LOS ANGELES, Dec. 28 -– China has begun receiving oil shipments from Thailand via the Mekong River, marking the start of an experimental program announced earlier this year (OGJ, Apr. 10, 2006, p. 28).
Two ships, each carrying 150 tonnes of oil, arrived in southwest China's Yunnan Province on the Mekong River, which is being viewed as an alternative to the Strait of Malacca as a regular route for shipping oil to China.
China in March signed an agreement with Laos, Myanmar, and Thailand on shipping oil on the waterway, with an initial shipping quota of 1,200 tonnes/month.
But the three Southeast Asian nations later agreed to raise the quota after China set up an emergency response team to ensure the safety of the shipments.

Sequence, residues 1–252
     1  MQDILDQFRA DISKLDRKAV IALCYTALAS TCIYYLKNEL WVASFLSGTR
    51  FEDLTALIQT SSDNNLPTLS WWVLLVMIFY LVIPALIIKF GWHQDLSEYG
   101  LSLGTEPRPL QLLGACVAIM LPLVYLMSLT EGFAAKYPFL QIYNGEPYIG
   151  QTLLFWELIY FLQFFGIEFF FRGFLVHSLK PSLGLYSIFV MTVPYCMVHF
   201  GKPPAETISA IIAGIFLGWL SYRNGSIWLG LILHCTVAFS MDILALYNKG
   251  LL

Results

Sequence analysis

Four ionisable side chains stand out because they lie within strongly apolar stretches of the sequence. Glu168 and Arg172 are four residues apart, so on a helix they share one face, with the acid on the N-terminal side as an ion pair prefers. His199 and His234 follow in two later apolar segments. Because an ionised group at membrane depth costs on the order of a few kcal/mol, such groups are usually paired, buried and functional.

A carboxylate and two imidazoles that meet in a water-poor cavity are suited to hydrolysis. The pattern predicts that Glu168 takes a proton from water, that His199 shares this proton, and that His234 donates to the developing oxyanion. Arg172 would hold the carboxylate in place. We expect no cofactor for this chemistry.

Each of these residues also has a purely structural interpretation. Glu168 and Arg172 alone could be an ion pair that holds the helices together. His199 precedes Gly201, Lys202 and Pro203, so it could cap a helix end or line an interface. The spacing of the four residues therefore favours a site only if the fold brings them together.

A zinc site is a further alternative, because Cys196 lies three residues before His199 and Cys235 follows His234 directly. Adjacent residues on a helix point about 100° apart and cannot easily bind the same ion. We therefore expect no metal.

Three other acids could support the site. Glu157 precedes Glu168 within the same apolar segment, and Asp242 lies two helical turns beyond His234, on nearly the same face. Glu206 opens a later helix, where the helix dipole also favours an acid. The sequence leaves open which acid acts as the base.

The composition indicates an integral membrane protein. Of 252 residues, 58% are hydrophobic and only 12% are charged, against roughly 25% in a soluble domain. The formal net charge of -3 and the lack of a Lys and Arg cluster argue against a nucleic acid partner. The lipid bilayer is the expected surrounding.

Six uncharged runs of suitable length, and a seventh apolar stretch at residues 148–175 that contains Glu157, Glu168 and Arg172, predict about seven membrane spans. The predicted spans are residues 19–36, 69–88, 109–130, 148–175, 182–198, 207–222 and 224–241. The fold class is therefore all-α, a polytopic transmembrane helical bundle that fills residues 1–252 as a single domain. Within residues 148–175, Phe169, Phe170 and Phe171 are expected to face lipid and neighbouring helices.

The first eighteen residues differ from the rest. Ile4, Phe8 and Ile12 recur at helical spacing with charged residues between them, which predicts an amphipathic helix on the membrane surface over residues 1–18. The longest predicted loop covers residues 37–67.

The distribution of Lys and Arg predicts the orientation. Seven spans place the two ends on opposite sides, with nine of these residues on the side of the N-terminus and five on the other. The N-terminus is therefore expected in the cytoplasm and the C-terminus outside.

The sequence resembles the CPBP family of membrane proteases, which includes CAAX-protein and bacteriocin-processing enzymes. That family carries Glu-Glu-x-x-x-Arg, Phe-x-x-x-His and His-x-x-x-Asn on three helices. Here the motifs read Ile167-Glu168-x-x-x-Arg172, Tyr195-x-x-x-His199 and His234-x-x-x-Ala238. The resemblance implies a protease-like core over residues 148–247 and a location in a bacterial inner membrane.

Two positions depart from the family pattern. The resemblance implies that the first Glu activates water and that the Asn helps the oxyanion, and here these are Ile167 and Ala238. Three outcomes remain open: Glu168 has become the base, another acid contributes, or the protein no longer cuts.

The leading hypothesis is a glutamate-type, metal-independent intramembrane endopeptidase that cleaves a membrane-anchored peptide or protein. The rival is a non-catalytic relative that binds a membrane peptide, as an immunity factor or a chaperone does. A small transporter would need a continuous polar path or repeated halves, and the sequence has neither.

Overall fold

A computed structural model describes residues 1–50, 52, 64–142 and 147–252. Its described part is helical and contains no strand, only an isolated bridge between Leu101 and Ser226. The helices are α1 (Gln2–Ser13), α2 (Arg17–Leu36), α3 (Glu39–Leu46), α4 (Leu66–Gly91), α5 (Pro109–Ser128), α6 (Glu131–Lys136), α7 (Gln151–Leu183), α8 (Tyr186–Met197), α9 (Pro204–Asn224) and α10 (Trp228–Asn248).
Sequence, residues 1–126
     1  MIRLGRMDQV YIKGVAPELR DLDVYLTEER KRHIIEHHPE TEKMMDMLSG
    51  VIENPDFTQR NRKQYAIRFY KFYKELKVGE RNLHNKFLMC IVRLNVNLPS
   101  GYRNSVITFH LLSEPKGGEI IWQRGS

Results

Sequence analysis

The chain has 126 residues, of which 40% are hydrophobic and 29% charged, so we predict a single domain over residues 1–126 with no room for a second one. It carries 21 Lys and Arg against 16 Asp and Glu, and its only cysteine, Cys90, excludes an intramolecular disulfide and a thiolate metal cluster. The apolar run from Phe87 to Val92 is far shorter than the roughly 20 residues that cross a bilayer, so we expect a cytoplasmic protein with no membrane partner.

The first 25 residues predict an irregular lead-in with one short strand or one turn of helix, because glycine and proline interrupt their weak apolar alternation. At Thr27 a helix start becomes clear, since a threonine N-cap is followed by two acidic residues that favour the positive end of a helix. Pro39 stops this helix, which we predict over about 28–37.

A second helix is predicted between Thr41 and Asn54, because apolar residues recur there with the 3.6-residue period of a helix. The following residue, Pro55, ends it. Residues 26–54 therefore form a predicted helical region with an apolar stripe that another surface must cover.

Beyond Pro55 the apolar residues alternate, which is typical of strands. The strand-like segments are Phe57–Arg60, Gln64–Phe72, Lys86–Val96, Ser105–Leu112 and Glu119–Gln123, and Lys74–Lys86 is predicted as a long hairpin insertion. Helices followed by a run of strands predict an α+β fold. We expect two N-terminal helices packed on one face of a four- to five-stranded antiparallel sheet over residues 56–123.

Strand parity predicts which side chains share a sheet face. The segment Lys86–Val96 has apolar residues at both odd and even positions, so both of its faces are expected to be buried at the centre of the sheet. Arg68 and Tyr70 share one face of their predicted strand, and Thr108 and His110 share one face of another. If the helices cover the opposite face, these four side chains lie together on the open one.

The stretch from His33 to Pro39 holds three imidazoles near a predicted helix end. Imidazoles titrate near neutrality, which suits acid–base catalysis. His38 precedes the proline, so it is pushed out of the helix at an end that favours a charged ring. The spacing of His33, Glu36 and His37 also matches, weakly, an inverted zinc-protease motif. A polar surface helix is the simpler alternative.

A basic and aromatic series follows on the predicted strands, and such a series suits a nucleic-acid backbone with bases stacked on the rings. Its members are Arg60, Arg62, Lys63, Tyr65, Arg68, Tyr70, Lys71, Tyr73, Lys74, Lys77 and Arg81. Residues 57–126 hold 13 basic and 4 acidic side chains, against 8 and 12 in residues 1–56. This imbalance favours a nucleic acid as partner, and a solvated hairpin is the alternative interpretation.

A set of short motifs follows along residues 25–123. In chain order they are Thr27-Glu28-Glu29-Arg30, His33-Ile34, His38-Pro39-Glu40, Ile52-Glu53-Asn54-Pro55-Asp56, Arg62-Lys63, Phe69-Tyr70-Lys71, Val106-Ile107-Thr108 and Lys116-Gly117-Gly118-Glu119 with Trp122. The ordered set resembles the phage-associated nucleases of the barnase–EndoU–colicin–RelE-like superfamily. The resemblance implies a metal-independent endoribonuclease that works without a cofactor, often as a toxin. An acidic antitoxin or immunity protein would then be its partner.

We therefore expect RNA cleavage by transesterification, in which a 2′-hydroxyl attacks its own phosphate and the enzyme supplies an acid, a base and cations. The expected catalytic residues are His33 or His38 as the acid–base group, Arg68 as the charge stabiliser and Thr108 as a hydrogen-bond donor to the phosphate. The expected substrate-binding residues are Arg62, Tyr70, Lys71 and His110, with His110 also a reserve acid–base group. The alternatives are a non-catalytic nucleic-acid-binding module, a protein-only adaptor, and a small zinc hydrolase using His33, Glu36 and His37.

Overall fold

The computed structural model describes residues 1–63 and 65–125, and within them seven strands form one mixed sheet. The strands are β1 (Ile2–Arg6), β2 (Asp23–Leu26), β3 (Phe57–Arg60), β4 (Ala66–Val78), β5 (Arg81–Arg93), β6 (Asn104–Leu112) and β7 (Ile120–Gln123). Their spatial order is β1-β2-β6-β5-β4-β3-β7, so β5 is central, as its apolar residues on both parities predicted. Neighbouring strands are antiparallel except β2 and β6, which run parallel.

Experts said as much as 200,000 tons of oil would be shipped to Yunnan via the Mekong when the quota was scrapped and the transportation cost was about $25/tonne less than for shipping by land.
Because of the increased quota, Qiao Xinmin, chief of the Yunnan provincial maritime affairs bureau, said China would ship about 70,000 tonnes/year of oil from Thailand alone via the river.
According to Qiao, more than 20 experts from China, Laos, Myanmar, and Thailand are checking ports and oil shipping facilities along the river, studying the feasibility of shipping even larger volumes of oil.
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